I attended many Christmas and New Year parties and also hosted one. As it is the Scottish custom there was much "first footing" amongst the neighbours.
I had many occasions to be grateful to my family and friends for their warm help and consideration. It leaves me humbled - I am aware that my remaining senses are getting more acute and I recognise that some people, thankfully only a few, knowing that I am blind still expect me to see. For instance, someone silently appearing in front of me with a hand held out expecting me to take the initiative of shaking their hand and wishing them a happy New Year but still not aware that I cannot respond. These kind people are seemingly oblivious of the fact that I cannot see and cannot now be proactive – regrettably, and I cannot make the first move. Sometimes I feel I may unwittingly snub some people.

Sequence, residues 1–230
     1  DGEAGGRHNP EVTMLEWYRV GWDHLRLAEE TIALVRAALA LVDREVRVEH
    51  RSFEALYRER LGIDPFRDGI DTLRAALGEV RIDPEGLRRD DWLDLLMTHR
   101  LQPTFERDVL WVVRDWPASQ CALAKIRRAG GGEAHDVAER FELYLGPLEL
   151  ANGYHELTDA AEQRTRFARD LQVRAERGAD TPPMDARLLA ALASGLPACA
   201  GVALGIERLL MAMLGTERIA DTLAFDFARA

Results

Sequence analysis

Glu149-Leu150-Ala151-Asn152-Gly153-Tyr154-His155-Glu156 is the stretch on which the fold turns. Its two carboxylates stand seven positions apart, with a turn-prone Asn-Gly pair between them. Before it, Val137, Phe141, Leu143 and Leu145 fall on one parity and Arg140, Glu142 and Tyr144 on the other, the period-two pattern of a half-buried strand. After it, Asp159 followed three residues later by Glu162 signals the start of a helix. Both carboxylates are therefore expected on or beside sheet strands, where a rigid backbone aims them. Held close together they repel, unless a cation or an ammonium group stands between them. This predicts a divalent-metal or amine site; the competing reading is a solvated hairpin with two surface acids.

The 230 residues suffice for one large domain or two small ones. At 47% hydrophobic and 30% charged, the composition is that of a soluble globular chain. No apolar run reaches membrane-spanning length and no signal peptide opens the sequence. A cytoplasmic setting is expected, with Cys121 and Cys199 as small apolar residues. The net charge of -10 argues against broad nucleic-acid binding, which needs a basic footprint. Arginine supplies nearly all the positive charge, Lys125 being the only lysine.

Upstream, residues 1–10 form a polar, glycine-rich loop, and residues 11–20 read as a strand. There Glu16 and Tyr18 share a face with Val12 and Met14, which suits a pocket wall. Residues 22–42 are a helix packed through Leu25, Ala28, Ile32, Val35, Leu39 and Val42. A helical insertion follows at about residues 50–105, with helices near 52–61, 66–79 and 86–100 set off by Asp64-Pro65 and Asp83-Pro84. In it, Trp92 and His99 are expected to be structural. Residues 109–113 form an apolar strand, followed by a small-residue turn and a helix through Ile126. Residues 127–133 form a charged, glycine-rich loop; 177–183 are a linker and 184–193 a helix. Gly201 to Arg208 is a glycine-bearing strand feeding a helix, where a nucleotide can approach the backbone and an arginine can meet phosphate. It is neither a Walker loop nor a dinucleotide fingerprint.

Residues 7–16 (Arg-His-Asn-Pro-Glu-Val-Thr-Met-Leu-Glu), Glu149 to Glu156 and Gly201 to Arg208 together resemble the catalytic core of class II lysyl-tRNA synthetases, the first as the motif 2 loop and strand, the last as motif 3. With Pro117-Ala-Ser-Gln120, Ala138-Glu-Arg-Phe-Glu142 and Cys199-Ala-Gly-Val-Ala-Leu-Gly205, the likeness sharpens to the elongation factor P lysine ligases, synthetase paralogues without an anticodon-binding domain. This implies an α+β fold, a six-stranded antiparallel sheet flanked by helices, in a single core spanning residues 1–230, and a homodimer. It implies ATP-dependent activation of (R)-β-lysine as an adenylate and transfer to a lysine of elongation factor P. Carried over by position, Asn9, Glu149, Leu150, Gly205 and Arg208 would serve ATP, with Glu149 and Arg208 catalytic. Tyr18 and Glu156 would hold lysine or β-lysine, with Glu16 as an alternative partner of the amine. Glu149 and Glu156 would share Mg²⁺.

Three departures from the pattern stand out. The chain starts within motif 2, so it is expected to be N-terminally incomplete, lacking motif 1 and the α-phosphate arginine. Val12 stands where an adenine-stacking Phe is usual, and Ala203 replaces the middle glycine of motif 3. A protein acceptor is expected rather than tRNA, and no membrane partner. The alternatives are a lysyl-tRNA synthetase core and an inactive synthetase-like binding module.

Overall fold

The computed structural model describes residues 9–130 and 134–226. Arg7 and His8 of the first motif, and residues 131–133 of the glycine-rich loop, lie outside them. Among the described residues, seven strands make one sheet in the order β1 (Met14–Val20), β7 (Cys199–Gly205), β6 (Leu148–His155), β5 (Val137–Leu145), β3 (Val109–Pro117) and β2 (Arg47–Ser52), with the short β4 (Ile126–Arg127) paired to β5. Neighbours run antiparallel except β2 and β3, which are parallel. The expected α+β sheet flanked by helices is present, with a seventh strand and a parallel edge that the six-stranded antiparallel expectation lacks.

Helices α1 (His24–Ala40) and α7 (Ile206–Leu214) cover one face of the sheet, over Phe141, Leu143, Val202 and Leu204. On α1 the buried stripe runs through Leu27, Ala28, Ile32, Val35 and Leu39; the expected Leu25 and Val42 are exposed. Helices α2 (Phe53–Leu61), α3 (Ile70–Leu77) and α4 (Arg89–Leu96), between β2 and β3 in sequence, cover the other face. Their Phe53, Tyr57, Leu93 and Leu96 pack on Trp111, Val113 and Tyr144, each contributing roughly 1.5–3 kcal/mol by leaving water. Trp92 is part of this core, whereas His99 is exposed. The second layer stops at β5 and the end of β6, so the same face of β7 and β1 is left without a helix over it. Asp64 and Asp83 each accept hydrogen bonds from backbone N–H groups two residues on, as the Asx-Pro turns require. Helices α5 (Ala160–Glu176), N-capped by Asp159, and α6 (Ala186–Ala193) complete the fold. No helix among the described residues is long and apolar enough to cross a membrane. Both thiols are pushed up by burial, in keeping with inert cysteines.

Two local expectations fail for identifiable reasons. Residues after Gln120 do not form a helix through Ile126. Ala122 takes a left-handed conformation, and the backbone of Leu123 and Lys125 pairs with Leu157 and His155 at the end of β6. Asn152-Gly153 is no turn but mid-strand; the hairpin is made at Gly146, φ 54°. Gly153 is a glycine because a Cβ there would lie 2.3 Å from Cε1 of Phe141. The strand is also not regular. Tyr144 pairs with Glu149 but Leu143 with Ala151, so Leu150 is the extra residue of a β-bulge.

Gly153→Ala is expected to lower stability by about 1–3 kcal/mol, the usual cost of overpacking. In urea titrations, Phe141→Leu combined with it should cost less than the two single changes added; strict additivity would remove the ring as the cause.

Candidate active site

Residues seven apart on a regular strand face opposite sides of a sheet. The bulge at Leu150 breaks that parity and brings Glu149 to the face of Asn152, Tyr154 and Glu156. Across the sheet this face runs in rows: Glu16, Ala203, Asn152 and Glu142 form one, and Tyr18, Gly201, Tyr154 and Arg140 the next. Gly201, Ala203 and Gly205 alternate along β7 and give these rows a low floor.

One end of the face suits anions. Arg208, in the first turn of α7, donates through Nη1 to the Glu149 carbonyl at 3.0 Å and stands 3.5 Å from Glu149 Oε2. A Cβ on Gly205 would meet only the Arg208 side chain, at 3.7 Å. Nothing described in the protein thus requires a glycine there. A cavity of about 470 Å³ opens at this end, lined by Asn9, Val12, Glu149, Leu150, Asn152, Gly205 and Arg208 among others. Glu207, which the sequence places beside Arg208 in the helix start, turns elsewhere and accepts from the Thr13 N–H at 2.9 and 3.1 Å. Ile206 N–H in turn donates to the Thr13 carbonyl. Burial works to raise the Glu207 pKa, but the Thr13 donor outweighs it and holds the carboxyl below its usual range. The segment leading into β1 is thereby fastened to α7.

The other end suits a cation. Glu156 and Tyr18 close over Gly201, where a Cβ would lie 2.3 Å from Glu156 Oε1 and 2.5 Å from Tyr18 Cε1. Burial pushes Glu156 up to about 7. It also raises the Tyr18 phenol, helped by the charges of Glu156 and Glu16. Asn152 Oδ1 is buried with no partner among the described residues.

December brought me much pleasure in receiving and sending e-mails with old friends around the world. For instance, I was delighted to hear from Stan and Ellie Bump. Stanley, who when I first met him was Stanley Bump - Commodore of United States Nuclear Submarine Base in the Holy Loch. They are a wonderful couple and left behind many memories which are a pleasure to recall. We can look back with fond memories of many great times with them and many others from the States.
By the way before I finish, I would like to let the growing number of my readers and listeners, be informed about the latest updates and improvements about to be marketed with respect to voice-activated systems. I hope to be in a position to know more next month.
posted @ 16:22:42 1st January 2007 - It Is Over, Let It Go